Dear Commons Community,
Bill Gates has been addressing various groups including teachers defending the Common Core Curriculum standards. On Sunday morning, he made his case on the news program, This Week with George Stephanopoulos. As background, the creation of the Common Core started in 2009, and thanks in part to funding requirements by the federal government via the Race to the Top competition, most states have adopted them. In the past year, as school districts began to implement the standards, the effort has suddenly become controversial and politically volatile. On the right, organizations such as the American Principles Project and Freedomworks have mobilized their networks to attack the standards, arguing that the Common Core is a federal initiative being imposed on states. On the left, some worry that the Common Core is untested or will continue to disadvantage poorer students. Teachers unions that initially supported the effort have criticized some states’ messy implementation efforts. Gates has been pleading with various groups to maintain the Common Core mainly because his foundation has made a huge commitment to it.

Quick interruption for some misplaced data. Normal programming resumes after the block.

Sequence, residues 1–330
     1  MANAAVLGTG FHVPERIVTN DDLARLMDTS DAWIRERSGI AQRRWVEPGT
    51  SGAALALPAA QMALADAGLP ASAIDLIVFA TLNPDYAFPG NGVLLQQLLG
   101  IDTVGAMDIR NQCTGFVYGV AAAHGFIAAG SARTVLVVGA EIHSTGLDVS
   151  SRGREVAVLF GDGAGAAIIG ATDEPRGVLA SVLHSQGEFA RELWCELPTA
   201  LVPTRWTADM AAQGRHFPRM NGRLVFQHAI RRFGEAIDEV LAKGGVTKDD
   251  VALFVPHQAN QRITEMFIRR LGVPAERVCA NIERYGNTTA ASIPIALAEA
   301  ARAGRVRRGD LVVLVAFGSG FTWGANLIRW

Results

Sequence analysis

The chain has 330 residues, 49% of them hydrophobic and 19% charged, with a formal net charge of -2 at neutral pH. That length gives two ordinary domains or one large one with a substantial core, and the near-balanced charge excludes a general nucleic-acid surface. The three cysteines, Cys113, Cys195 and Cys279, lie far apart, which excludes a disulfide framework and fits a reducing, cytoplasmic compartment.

While he is the world’s richest man and Microsoft is one of the most profitable companies in the country, Mr. Gates has questionable credibility when it comes to education. Many of the education projects which his Foundation has funded have been poorly implemented and scattershot. The Common Core rollout in a number of states including here in New York has all of the fingerprints of a Gates Foundation initiative namely a rushed implementation and an artificial need to test, test, test. NYS Education Commissioner John King has taken most of the heat for the botched implementation but the Gates Foundation as well as the U.S. Department of Education have been prime movers in pushing the states the adopt the Common Core as quickly as possible.
I believe that the Common Core has a number of beneficial elements but its botched implementation has left it open to criticism. My advice to Mr. Gates – stick to running technology companies and leave education to educators.